Faculty Art Displayed in Tremaine Gallery


“Mink Island” by Ms. Villano

In a year when few have attended museums or galleries and The Met and MoMA feel out of reach, the Tremaine Gallery has turned over the space to the Arts faculty to exhibit their work. This year, the Faculty Art Show – Process: Exploring Vulnerability as Strength – communicates the importance of embracing new approaches to art during times of uncertainty. For artists, this may come in the form of adapting styles and techniques out of one’s comfort zone. The exhibition comprises a broad range of art disciplines, from photography, digital media, and cyanotypes (cyan-blue photographic prints), to watercolor, sculpture, and the use of innovative uses like coffee and 3D printing. The artists include Mr. Brad Faus, director of the art program; Mr. Greg Lock, director of photography; Ms. Sarah Anderson Lock, former arts administrator; Ms. Colleen MacMillan, instructor in photography; Ms. Colleen McGuire, instructor in visual arts; Ms. Terri L. Moore, director of the Tremaine Gallery; Ms. Christine Owen, instructor in ceramics; and Ms, Ann Villano, instructor in film.

These teachers found their inspiration for art in many different ways. Ms. Moore conceptualized the exhibition’s theme during a conversation with an alum, Spencer Finch ’81, a career artist. In their conversation, Mr. Finch gave Ms. Moore the challenge to move away from her usual style and blue-grey palette. With a background in science and climate change, Ms. Moore’s inspiration for Extinction came while watching a documentary on the plight of the polar bears. With Mr. Finch’s suggestion in mind, Ms. Moore said, “I realized that not only are we working artists, but we are educators. We’re asking everyone to learn to embrace vulnerability as strength.”

With a background in sculpture, Mr. Lock considered portraying physicality through photography with Not a Photograph (Trees). Consisting of 40 shots of hillside trees, Mr. Lock performed extensive calculations with the photos and captured parts of the data to show in three dimensions. With the merged data and photos, his final image conveys the vulnerability of perception. Mr. Lock said, “My messages are to show how photography doesn’t always provide an accurate representation of anything.”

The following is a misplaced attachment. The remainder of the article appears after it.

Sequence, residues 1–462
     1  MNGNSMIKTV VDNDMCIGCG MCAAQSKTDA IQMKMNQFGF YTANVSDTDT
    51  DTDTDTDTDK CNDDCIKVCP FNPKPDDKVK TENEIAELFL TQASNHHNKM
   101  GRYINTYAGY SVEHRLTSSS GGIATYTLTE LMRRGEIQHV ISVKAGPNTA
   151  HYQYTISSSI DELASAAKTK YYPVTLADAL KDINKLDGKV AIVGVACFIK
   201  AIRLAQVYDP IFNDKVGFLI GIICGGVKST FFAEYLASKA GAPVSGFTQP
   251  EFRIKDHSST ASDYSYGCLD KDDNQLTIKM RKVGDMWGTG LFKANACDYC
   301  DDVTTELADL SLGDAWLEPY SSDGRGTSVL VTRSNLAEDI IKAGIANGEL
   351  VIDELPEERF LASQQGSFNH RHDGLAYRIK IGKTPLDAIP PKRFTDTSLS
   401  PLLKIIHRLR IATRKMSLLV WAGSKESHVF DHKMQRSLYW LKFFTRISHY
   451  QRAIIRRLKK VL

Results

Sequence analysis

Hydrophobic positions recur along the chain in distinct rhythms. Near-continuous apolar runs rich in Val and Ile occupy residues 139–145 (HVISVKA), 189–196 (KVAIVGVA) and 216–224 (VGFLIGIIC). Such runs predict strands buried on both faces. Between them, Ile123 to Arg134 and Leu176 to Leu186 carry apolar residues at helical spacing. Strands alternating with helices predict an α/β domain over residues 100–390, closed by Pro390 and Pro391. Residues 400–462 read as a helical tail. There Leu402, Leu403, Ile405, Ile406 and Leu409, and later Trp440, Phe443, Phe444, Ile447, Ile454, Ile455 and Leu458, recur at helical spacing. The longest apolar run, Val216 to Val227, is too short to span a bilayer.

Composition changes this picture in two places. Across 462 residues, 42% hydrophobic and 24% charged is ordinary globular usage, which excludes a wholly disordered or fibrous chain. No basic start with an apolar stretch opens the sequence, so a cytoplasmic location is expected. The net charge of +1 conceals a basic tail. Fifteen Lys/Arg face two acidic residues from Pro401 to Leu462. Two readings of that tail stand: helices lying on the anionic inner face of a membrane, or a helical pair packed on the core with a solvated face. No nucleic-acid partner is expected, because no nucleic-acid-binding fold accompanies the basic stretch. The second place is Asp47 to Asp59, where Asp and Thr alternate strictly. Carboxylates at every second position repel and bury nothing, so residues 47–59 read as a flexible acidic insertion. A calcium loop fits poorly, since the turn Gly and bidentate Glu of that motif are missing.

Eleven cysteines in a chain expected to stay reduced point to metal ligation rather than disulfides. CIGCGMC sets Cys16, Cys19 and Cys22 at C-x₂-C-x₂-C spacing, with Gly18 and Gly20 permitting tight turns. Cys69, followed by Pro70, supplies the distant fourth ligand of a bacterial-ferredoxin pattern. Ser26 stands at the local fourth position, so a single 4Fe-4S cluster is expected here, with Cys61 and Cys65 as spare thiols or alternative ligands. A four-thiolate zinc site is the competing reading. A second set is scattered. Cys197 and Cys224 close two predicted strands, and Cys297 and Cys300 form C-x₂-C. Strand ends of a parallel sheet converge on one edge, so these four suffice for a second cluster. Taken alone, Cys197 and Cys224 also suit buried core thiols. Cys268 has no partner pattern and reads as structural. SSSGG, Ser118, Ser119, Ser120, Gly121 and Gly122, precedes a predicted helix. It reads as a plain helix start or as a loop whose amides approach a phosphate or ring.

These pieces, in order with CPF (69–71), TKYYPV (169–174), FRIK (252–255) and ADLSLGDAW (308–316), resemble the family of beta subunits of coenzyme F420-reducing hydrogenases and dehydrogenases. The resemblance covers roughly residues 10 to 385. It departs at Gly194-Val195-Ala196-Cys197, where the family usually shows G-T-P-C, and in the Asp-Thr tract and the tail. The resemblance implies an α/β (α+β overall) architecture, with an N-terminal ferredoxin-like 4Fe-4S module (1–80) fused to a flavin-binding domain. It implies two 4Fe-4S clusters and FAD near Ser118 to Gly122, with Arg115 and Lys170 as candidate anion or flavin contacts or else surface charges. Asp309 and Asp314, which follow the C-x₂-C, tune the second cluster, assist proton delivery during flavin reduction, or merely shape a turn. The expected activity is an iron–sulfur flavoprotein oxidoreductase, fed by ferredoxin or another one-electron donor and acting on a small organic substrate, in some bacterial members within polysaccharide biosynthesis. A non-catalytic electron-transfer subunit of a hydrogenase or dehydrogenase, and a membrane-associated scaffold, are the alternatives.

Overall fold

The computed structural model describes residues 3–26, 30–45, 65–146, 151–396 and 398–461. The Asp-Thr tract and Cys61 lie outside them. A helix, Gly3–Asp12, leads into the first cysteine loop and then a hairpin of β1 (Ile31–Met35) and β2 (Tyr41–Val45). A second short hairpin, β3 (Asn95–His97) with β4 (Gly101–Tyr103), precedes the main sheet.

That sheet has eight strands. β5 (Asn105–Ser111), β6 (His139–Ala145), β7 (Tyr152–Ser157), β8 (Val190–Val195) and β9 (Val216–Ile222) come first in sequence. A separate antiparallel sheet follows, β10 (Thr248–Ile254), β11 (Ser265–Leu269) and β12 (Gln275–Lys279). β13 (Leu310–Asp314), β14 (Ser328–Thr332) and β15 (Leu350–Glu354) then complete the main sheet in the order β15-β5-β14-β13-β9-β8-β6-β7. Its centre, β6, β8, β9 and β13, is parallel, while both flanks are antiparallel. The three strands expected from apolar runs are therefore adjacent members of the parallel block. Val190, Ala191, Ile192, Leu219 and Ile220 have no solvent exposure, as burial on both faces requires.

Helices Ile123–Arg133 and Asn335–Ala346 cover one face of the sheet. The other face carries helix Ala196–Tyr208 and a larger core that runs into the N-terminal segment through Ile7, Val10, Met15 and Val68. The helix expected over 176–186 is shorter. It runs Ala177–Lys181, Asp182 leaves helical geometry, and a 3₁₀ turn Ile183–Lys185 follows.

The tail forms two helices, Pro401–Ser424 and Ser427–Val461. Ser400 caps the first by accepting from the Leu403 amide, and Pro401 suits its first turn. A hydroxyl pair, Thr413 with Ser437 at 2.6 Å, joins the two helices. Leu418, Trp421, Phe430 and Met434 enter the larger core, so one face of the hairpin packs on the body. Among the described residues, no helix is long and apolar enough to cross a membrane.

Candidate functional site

Inspired by her work in Ireland and her family, Ms. MacMillan explores her Irish heritage with cyanotypes and vintage family lace. Her new work, Teaghlach, incorporates family lace passed down from generation to generation. Ms. Owen, a ceramicist, examines the roles of form and function in ceramics and highlights deliberate traces of construction techniques throughout her pieces. Ms. McGuire, an oil painter, created home vignettes and still lifes while Ms. Villano studies a sense of place in her Photoshopped landscapes. Mr. Faus and Ms. Lock study colors and textures in their different pieces.

On September 28th, the entirety of Lower Mid photography students attended a gallery talk led by Mr. Lock, Ms. MacMillan, and Ms. Villano, Spencer Humes ’24 appreciated the learning experience and the opportunity to explore the faculty art show. He said, “I thought it was interesting to see the final products that made our teachers say, ‘Yes! This is finished for me.’ It serves as a kind of benchmark [for our future works].”

The Tremaine Gallery will be open until October 19th, and is open to the on-campus community. The full exhibit can be seen virtually here.